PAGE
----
TestFlight has been available on iOS for years, but now it's available for macs. It isn't necessarily a game changer. </p><div data-component="lazyloadImages"> <figure class="image pull-none image-large"><a href="https://www.techrepublic.com/a/hub/i/r/2021/08/25/88574d52-aad6-41fd-b9bd-ba81209b48ea/resize/770x/74eaef2ba18724f23757e5cf3ed59b2f/testflight.jpg" target="_blank" data-component="modalEnlargeImage" data-headline="<p></p>" data-credit="Image: Apple" rel="noopener"><span class="img aspect-set " style="padding-bottom: 75%"><img src="https://www.techrepublic.com/a/hub/i/r/2021/08/25/88574d52-aad6-41fd-b9bd-ba81209b48ea/resize/770x/74eaef2ba18724f23757e5cf3ed59b2f/testflight.jpg" class="" alt="testflight.jpg" width="770"/></span></a><figcaption><p> Image: Apple </p></figcaption></figure><p>For developers of <a href="https://www.techrepublic.com/article/iphone-12-a-cheat-sheet/" data-absolute="true">iPhone</a> and iPad software, Apple offers a service called TestFlight to help with user testing of apps in development. It allows for easier distribution of iOS software to a pool of testers, requiring only an email address and for the tester to install the free TestFlight app from the App Store.
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“It’s good to see Apple finally bringing more parity of developer tools to the Mac,” said a longtime iOS and Mac developer I spoke to.
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But bringing TestFlight to the Mac isn’t as big a development as it might initially seem. TestFlight is necessary on iOS because of how difficult it is to sideload apps or to install them without going through the App Store on the iPhone. To distribute test versions of apps on iOS, developers need to enter a device-specific identifier in their app builds for each tester.
It’s a cumbersome process, to say the least, and every time a tester changes devices the entire app needs to be updated. For small teams this is fine (and is often done for nightly builds), but for larger or public testing pools, it’s simply not workable. TestFlight makes it as easy as entering an email address to add a user to a beta testing pool.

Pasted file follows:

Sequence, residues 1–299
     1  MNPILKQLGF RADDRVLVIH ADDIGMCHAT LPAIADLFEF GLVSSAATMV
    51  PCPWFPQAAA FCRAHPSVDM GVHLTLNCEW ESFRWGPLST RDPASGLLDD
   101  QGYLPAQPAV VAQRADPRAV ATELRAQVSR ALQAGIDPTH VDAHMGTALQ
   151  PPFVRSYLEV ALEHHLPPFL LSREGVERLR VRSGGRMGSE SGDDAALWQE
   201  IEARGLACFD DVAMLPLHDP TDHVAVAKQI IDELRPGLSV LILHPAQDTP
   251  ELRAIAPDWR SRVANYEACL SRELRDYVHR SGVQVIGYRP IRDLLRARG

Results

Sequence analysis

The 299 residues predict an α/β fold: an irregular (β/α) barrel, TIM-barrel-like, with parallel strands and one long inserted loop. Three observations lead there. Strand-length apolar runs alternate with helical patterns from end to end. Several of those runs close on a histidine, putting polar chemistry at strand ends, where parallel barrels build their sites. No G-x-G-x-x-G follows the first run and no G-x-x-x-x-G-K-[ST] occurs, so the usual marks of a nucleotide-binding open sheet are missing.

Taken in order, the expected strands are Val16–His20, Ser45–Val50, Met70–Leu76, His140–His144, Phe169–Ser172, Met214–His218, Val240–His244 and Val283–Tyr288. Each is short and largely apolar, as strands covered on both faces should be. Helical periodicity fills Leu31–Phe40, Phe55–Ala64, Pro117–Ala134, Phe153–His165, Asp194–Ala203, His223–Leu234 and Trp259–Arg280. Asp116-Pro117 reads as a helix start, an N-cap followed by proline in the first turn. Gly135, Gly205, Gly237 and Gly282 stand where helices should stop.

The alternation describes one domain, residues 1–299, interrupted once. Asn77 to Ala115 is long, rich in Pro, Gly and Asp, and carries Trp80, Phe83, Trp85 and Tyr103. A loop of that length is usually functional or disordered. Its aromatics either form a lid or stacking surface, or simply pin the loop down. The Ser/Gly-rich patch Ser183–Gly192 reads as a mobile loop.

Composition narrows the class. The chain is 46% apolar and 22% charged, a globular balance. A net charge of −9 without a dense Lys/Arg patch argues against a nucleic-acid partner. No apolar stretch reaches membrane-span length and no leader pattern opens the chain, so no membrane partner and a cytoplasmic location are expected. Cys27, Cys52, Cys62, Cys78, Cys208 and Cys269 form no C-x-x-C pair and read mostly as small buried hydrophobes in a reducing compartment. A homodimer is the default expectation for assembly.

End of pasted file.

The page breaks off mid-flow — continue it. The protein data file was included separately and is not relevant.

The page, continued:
On the Mac, however, it’s easy to distribute beta apps to users because it’s easy to install non-App Store apps. Thanks to open source software, it’s also easy to automatically update those apps and get crash reports.
That means TestFlight has more limited utility on the Mac, particularly since Apple must manually approve every update to an app. For teams rapidly iterating their apps or looking to push an emergency fix a bug in a development environment, waiting for Apple to sign off on the update could be frustrating (like it is now on iOS).
Still, TestFlight for Mac does serve a purpose. It allows for testing of App Store-specific beta builds of software as well for testing of App Store functionality like subscriptions and in-app purchases.
Apple noted that in the beta version of TestFlight, VoiceOver is not yet fully functional, and it is not available to anyone not a registered developer yet.
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